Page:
CRITICAL EMPLOYMENT LAW CHANGES FOR EMPLOYERS

There has been a recent case which has caused a massive change in Employment Law practice that all employers (and employees) should be aware of.

Richard Grogan has written an excellent article about this change for HR professionals and lawyers, (http://www.irishlegal.com/7476/richard-grogan-disciplinary-hearings-a-seismic-change-for-hrir-professionals-and-lawyers/) but it applies just as widely to all employers and employees. In a recent High Court Judgement, Mr Justice Egar has changed the way any disciplinary procedure should be approached.

In the past all employers have been aware (I hope) of the requirement to go into the disciplinary meeting with an open mind. If an employee’s job is at risk then they need to be told that clearly, and they need to be given a chance to hear the evidence against them, question any of that evidence and present their own side of the story. This basic requirement has been reinforced and greatly extended by the High Court case.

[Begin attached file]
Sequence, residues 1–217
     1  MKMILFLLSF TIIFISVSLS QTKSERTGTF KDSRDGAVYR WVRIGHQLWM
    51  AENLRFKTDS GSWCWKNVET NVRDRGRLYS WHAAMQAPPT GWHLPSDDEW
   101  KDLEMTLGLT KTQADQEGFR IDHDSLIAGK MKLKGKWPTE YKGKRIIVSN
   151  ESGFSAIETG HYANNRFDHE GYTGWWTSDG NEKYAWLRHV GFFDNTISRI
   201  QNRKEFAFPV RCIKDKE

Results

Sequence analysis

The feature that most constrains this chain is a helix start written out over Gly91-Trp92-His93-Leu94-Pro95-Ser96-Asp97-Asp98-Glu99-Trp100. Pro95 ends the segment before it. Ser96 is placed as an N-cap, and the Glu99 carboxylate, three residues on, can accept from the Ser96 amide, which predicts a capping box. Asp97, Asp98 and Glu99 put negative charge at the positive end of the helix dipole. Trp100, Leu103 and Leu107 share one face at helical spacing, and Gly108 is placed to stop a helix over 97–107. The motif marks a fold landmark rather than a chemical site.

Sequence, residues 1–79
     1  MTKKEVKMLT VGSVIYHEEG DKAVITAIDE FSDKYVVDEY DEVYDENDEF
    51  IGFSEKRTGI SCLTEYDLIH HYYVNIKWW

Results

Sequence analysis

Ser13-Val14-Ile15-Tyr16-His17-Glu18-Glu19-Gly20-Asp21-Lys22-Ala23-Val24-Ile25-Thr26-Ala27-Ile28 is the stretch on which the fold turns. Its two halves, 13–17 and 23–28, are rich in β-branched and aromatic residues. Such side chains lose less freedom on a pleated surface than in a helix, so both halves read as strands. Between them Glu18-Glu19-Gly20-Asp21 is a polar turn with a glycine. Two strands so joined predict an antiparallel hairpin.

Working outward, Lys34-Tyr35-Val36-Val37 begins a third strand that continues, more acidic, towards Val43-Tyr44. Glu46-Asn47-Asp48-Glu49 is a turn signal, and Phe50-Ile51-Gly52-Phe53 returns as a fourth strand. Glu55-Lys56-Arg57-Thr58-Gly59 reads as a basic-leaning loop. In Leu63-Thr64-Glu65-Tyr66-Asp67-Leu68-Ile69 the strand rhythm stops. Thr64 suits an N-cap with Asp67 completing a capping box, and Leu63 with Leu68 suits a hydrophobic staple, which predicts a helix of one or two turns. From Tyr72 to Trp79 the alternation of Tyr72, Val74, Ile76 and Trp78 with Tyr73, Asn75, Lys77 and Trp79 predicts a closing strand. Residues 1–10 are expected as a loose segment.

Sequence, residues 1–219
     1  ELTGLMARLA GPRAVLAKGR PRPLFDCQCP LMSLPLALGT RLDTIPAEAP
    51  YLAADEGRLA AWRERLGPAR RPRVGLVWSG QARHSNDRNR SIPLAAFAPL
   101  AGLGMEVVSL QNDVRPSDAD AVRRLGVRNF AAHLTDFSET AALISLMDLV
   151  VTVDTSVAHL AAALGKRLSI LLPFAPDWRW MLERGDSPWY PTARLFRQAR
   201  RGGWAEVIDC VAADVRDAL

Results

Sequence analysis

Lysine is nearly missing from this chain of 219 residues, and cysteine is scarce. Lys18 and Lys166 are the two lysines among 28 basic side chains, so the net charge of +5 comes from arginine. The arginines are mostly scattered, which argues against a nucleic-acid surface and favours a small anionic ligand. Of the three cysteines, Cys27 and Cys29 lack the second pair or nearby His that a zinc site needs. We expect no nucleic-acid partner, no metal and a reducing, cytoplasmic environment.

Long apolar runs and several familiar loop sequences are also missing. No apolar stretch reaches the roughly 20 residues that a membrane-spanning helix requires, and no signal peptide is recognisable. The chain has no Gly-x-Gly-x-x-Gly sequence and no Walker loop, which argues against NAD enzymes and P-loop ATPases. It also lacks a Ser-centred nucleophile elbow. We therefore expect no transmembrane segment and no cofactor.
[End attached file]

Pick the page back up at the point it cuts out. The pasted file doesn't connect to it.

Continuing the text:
Justice Egar has now set out clearly what represents fair procedures in relation to disciplinary proceedings. The case has made it quite clear that an employer has to permit the employee cross examine any person who made a statement or provided evidence against them. The decision goes further and states:

• That they should be allowed to cross examine, by a Barrister (or Solicitor), their accuser or accusers;
• That they should be allowed to give rebuttal evidence;
• That they should be permitted to address, again by a Barrister (or Solicitor), their employer in their own defence.

In addition to normal fair procedures, these additional procedures are now a requirement of any disciplinary proceeding where the employee’s job is at risk. This is a huge shift from the usual practice in the past – where it was common for the employer to explicitly exclude Barristers or Solicitors from the procedure. Employers need to be aware of this obligation to provide the employee the right to question, and more importantly, the right to have a Barrister or Solicitor act on their behalf.

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